Cough and Cold Season

By Jessica Freni

Cold and flu season is fast approaching, our dogs are unfortunately no exception to a variety of similar issues including kennel cough and respiratory infections. High density dog areas, like shows, can be a contributing risk in spreading and acquiring diseases. So how can you prepare your dogs for issues like kennel cough?

First and foremost, be cautious and prepared, always keep sick dogs home. Avoid taking out dogs that are displaying symptoms or have been exposed to sick dogs (incubation period for kennel cough is 2-14 days), especially exercise caution with pregnant bitches, puppies and seniors. In high traffic dog areas, minimize sharing of communal items, like water bowls or public kennel runs.

“Kennel cough is highly contagious between dogs. The disease is spread primarily through respiratory droplets (from coughing, sneezing, etc.), but may also spread via direct contact or through sharing objects such as water bowls or toys.” (

Clean and sterilize items after training/ shows, particularly if you observe any dogs coughing or sneezing. If your dog requires vet care for symptoms of kennel cough or respiratory infections it’s a good idea to notify the vet staff and try to avoid exposing other dogs in common areas (with a recent surge in very contagious strands of these illnesses some vet offices are electing to see dogs who have been coughing curbside).

You may elect to vaccinate your dogs with the kennel cough vaccine (Bordetella vaccine). Bordetella is most commonly given either by vaccine or intranasal. Vaccinated dogs can still get kennel cough (though often with more mild symptoms) and the Bordetella vaccine does require boosters for effectiveness.

“While Bordetella is the most common cause of kennel cough in dogs, it is not the only one. Other bacteria and viruses, including the parainfluenza virus, can also cause kennel cough, which means that even vaccinated dogs can get kennel cough from another source.” ( )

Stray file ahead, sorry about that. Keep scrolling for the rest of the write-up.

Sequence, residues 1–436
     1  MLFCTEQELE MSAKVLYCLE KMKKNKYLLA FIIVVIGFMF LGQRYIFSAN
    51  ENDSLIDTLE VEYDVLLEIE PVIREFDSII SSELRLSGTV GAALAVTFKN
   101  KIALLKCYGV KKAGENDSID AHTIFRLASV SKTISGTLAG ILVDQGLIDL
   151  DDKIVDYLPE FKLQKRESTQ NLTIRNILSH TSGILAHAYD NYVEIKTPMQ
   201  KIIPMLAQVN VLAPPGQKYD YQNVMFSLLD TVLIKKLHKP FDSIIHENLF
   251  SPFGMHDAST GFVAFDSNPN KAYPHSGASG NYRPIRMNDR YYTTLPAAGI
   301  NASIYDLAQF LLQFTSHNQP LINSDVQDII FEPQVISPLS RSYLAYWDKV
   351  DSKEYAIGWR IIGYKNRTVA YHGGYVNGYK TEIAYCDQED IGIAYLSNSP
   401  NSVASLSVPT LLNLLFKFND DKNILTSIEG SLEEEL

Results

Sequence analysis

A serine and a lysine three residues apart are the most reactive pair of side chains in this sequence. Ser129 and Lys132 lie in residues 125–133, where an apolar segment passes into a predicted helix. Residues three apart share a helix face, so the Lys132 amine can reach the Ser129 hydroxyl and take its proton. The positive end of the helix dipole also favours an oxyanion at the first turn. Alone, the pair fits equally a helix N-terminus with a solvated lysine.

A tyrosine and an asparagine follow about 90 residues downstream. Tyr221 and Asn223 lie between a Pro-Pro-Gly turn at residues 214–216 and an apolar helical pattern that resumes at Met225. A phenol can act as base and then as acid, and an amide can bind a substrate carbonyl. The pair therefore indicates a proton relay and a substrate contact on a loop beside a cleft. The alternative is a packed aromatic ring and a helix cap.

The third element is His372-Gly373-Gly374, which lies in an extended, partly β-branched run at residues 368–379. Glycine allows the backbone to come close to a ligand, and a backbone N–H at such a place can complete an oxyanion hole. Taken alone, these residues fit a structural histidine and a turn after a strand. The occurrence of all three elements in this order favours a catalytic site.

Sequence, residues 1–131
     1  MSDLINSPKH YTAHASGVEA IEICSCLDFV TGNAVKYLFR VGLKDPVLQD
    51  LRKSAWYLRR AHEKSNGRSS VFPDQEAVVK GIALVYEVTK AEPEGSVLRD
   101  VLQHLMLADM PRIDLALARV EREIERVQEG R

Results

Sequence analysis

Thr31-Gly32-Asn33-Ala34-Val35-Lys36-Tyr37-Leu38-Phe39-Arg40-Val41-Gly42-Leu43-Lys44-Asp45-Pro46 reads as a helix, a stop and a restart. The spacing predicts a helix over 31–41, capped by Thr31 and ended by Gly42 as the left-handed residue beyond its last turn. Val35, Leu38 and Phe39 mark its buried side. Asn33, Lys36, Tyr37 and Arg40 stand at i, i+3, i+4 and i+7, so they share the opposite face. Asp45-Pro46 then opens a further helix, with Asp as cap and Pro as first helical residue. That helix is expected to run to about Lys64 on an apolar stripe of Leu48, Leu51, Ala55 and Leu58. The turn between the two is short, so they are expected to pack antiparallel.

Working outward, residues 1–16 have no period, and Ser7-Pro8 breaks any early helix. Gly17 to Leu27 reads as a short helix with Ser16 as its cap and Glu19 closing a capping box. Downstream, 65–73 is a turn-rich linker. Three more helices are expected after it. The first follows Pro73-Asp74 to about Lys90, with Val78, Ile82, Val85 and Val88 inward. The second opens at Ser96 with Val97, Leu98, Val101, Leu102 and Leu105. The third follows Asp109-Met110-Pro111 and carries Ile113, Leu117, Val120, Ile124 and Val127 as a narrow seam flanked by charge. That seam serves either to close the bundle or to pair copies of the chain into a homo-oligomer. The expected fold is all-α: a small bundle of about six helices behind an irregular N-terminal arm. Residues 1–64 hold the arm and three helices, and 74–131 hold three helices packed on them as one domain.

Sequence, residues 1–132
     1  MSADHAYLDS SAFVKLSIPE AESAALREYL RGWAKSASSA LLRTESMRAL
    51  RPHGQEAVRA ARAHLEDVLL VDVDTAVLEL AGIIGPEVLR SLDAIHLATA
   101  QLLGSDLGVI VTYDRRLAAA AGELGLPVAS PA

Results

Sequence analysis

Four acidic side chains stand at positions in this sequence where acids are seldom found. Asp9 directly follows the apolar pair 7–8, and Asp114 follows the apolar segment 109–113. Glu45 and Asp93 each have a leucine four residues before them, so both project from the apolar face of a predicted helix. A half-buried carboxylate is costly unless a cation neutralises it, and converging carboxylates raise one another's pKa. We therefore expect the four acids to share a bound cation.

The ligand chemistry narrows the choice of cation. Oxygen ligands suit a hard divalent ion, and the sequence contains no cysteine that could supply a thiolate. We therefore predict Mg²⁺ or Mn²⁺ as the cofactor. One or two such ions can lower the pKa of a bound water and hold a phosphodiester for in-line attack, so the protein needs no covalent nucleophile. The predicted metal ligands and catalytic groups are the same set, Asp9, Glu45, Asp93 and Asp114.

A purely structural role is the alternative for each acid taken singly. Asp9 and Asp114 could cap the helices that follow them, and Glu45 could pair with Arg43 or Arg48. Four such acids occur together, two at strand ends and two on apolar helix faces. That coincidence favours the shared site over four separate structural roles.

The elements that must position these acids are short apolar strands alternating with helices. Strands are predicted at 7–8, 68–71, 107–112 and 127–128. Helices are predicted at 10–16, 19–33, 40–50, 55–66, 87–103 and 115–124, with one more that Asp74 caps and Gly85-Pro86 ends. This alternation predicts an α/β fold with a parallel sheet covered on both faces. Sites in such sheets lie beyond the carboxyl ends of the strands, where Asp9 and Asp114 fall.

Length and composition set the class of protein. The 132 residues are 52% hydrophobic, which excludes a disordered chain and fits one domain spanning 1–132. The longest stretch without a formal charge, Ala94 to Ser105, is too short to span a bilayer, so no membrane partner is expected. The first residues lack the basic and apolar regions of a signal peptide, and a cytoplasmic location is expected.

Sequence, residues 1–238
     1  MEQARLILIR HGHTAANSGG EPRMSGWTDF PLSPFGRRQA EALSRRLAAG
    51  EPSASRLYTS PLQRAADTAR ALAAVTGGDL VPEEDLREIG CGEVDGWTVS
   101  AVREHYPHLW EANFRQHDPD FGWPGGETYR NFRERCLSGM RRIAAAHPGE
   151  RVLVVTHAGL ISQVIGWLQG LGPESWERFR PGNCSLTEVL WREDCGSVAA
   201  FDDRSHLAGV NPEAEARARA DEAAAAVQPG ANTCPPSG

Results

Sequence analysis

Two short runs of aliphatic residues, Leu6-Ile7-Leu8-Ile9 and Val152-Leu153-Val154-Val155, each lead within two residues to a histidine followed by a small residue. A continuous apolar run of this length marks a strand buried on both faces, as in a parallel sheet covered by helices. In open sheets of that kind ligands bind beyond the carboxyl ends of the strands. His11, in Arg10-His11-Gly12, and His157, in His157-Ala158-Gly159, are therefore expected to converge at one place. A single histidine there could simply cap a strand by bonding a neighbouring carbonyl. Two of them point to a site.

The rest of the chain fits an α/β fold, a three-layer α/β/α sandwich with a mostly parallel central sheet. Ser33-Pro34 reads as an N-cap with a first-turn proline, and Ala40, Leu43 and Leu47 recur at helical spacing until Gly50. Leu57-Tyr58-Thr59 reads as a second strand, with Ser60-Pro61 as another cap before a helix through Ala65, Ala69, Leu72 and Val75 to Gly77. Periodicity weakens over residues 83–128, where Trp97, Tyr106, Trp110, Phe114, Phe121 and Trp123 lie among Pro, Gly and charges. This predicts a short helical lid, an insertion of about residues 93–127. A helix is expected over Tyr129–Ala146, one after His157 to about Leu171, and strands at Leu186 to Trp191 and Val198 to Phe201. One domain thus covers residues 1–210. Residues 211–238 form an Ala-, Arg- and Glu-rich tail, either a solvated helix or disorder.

Signs of Kennel cough typically include coughing (either a distinctive “honking” cough or a sound like choking or something caught in the throat) and nasal discharge, but may also include other symptoms such as lethargy, decreased appetite, low fever. If you suspect your dog has kennel cough you should see your vet who may prescribe an antibiotic and or medications to ease symptoms like the coughing or mucus (such as a cough suppressant or expectorant)].

At home you can support your dog’s recovery with humidifiers, bring them in the bathroom near steam from a hot shower, rest, hydration (bone broth is a great aid in these situations), limit strenuous activities or excitement, use harnesses instead of collars that would put pressure on the throat. In addition to vet care your dog can benefit from things like honey, turmeric, bone broth, foods with anti-inflammatory and or immune boosting (ginger, blueberries, etc). Probiotics can be beneficial for dogs prescribed antibiotics like doxycycline which can be hard on the GI.

So remember:

Always err on the side of caution,  leave sick dogs home (or those who have been exposed to sick dogs)
Thoroughly clean and sanitize equipment after shows/trials/training (ex. OdoBan Professional Disinfectant and Odor Eliminator Concentrate, 1 Gallon, Lavender Scent )
Seek vet care for dogs displaying symptoms
Limit high risk areas/ activities like sharing bowls or use of public kennel runs
Incubation period is 2-14 days
Most kennel cough will resolve in 1-3 weeks
Veterinarian doctor and a labrador puppy at vet ambulance